Attacking a state's own citizens is not a very good grounds for invasion. You happen to mention that "Tskhinvali city hospital registered 44 dead and 273 wounded.[..] But I still regard it as unacceptably high civilian death toll". Previously you stood by the 1000 or so figure. Now, I remember that some years ago not that far away - in Northern Ossetia Russian authorities killed off 334 innocent Russian citizens, including 186 children. A reason was similar - criminal disturbance which the authorities could not tolerate. So they decided to deal with a handful of criminals, ignoring the civilian death toll. Ok. But curiously there was no 'teacher' which would come and punish Russian authorities. Not to mention Chechen wars which were all lead by Russian state against Russian citizens. The problem with your argumentation in short is that you suppose that Russia legitimately can have the role of such a teacher. But I guess the numbers are not important for you. Because even if none had been killed, the Georgian shells still were fired and this counts as the 'first blow' after which Russia is entitled to occupy half the territory of Georgia etc etc, because the teachers are obliged to punish the naughty boys for their own sake, right?

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- 03.09.2008 08:31
ok, you convinced me ;) A nation of 4.6 million threw the first punch at a land populated by citizens of a nuclear nation of 140 million. Sure, there is no doubt that the 'first punch' belongs to ‘Saakashvili, the tiny Hitler’. Thanks for convincingly clarifying this and then building a bunch of arguments on this ‘truth’. Using your analogy, an insane 6-year old attacks a well-built 30-year old. What’s the best response from the kinder garden teacher? Don’t try to figure out why the kid behaves so crazily. Just punish the 6 year old!!! Otherwise, god forbid, the next day all 6-year olds will be attacking adults indiscriminately. lol... I do agree with almost all of your thoughts with economic content.

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Gatis 02.09.2008 15:09
I agree that most of people can't look at the conflikt within its full complexity. There are more than just 2 sides. Every side has its own mission and goals in this conflict.

1) Western countries have dilemma: support the democracy principles versus economic interests.

2) Russia just takes land of the Georgia, gets greater support from its citizens, shows the muscle to Western countries and scare away global investors and monopolists from Caucasus region. There is some drawback from its politics but apparently it's not that unbearable, because there are still Western countries quietly striving for better cooperation with Russia.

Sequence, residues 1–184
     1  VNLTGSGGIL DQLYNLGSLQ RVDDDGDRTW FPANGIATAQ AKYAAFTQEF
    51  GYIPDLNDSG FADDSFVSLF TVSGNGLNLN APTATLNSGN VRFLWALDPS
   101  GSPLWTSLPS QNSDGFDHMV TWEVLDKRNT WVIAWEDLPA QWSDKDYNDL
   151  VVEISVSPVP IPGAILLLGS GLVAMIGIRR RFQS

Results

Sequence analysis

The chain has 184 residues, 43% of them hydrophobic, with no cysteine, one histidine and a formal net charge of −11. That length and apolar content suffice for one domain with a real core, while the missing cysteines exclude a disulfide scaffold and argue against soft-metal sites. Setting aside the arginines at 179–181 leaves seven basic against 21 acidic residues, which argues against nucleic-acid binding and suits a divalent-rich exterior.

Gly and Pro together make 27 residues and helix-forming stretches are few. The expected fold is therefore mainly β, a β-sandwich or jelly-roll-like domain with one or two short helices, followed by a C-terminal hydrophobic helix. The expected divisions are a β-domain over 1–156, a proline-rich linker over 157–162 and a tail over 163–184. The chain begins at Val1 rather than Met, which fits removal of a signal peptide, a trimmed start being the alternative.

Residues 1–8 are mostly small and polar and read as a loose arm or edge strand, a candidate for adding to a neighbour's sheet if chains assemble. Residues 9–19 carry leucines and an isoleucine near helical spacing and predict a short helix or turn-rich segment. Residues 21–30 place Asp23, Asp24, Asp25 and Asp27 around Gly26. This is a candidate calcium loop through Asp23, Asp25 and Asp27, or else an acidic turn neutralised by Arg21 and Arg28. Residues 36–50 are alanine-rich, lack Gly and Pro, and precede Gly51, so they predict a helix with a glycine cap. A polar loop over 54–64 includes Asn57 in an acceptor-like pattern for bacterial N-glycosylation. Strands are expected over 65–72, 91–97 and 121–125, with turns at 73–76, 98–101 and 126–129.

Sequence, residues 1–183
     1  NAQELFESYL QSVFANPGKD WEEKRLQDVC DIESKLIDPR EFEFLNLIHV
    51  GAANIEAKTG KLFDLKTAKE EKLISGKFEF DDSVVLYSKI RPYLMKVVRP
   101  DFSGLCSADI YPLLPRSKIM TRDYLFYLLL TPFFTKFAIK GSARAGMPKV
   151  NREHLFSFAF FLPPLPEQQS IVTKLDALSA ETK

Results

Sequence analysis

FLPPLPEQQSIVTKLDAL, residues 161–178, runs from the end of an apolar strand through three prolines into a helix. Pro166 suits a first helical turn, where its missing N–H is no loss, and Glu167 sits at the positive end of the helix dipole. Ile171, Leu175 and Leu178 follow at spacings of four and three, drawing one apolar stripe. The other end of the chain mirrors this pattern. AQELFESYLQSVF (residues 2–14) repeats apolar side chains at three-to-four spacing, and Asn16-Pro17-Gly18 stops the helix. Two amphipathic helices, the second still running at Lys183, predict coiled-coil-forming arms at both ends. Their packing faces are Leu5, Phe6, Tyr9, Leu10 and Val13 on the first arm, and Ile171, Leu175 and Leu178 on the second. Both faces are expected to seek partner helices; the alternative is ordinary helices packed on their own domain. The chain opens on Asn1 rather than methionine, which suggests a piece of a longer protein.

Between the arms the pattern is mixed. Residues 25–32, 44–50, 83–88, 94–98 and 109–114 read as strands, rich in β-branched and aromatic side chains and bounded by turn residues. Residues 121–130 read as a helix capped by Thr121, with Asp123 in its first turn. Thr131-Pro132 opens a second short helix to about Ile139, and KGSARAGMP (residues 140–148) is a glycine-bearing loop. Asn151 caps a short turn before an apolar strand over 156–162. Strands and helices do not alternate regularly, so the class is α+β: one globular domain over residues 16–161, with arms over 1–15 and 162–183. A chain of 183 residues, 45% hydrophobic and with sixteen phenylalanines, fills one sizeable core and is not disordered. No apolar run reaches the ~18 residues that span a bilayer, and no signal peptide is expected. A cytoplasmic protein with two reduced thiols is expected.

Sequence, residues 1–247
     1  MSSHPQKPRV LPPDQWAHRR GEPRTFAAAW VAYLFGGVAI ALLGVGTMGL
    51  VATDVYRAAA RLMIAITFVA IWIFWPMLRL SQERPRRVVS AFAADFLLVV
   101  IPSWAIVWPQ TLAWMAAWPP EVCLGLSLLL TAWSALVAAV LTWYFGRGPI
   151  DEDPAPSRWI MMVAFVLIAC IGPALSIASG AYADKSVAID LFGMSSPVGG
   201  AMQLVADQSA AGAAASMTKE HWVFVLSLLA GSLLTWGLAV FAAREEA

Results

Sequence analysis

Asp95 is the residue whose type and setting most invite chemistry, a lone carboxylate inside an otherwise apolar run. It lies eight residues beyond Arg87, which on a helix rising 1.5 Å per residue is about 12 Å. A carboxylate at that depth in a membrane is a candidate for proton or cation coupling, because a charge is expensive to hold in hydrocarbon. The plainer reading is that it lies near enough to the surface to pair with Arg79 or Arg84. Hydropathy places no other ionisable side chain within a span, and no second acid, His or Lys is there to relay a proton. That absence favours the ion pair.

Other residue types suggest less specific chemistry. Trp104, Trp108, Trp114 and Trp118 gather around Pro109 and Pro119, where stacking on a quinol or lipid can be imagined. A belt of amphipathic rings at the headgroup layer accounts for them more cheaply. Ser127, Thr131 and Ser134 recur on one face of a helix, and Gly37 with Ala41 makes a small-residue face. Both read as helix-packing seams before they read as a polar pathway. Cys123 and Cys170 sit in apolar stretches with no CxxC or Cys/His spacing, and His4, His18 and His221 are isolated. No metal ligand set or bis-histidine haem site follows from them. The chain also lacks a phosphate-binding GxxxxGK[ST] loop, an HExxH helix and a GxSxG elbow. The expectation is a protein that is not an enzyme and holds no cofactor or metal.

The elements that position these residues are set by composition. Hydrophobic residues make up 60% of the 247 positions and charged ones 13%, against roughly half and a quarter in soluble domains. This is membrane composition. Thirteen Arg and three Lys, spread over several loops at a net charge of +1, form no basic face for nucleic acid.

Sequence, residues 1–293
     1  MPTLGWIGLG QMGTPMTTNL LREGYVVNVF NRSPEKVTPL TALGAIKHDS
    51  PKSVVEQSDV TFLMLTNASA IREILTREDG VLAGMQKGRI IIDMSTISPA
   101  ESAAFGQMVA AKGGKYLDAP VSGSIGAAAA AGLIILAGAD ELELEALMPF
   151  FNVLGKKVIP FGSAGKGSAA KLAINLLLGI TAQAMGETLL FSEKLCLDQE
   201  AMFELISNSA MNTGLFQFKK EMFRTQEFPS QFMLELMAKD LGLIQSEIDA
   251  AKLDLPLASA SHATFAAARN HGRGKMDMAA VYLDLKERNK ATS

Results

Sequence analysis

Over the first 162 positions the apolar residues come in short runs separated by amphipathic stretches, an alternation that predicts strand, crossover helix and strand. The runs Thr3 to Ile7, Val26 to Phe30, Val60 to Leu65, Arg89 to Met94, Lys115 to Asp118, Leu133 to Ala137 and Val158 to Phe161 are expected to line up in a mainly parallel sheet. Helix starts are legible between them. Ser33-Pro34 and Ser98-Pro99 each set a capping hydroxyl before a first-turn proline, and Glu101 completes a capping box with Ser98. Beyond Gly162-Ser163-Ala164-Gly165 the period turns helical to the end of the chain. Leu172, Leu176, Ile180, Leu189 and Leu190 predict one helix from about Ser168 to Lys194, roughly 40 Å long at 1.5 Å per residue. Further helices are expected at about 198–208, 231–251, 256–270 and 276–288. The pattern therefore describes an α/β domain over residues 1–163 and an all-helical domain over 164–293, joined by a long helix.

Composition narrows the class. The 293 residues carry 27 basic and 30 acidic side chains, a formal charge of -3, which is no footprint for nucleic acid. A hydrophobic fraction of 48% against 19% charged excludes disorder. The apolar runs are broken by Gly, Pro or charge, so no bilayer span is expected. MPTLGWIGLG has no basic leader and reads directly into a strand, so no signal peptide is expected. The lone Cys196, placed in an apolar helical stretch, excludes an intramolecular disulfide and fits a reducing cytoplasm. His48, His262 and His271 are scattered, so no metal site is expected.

3) East Europian countries ar splited in native and russian supporters. Native citizens know the history and know that in past Russia allways strived to find any reason to initiate the war and take away the land of other countries. It's simple as it's. And it would be pretty strange if Latvians, Polands, Lithuanians, Estonians supported Russia. So the Russia is still a threat for little countries and still a good business partner for big and middle sized Western countries.

4) Georgia just wants its land and its land must free of Russian militarists. And it does not matter that South Ossetia in fact is populated by russian citizens. If they are russian citizens, their homeland must be Russia.
It's as simple as it's.
It's very easy to understand Georgia as well, because Abkhazia and South Ossetia together takes pretty large area of Georgia. That's why it's reasonable argument to get support from West, fight back Russian militarists to get back their land. Georgian president is ready to collaborate with everyone, who can make his land free of russian forces. Even if it takes another foreign forces to invade Georgia.

5) U.S. - from their point of view Georgia is very good and strategic place for new military bases in Caucasus region. There is oil as well. Unlike EU, for U.S. there is no principles and no friends, just interests. This war was not that beneficient for U.S. leaders in comparision with Russian leaders, because still many U.S. citizens don't want to support Georgia. It remainds them of bad previous experience in middle east and they think that Americans have nothing to do with Russia and Georgia. Other part of U.S just support EU principles or just simply see Russia as old good Cold War enemy.

My opinion: It does not matter whe threw many small stones (suppose Russia) and who responded with biger stone (suppose Georgia) which ended by Russians who responded with grindstone (again Russia).
Considering all the nation interests, I think the best that Europian Union can do, is to forget about short term economical benefit from Russia and actively support Georgia, and not to stand aside looking at U.S. while they do its job in Georgia.
I think EU must become the real super police instead of U.S. because Russia trusts much more EU than U.S.
So it's time for EU to act now and stand for its unity and principles.

Citi autora darbi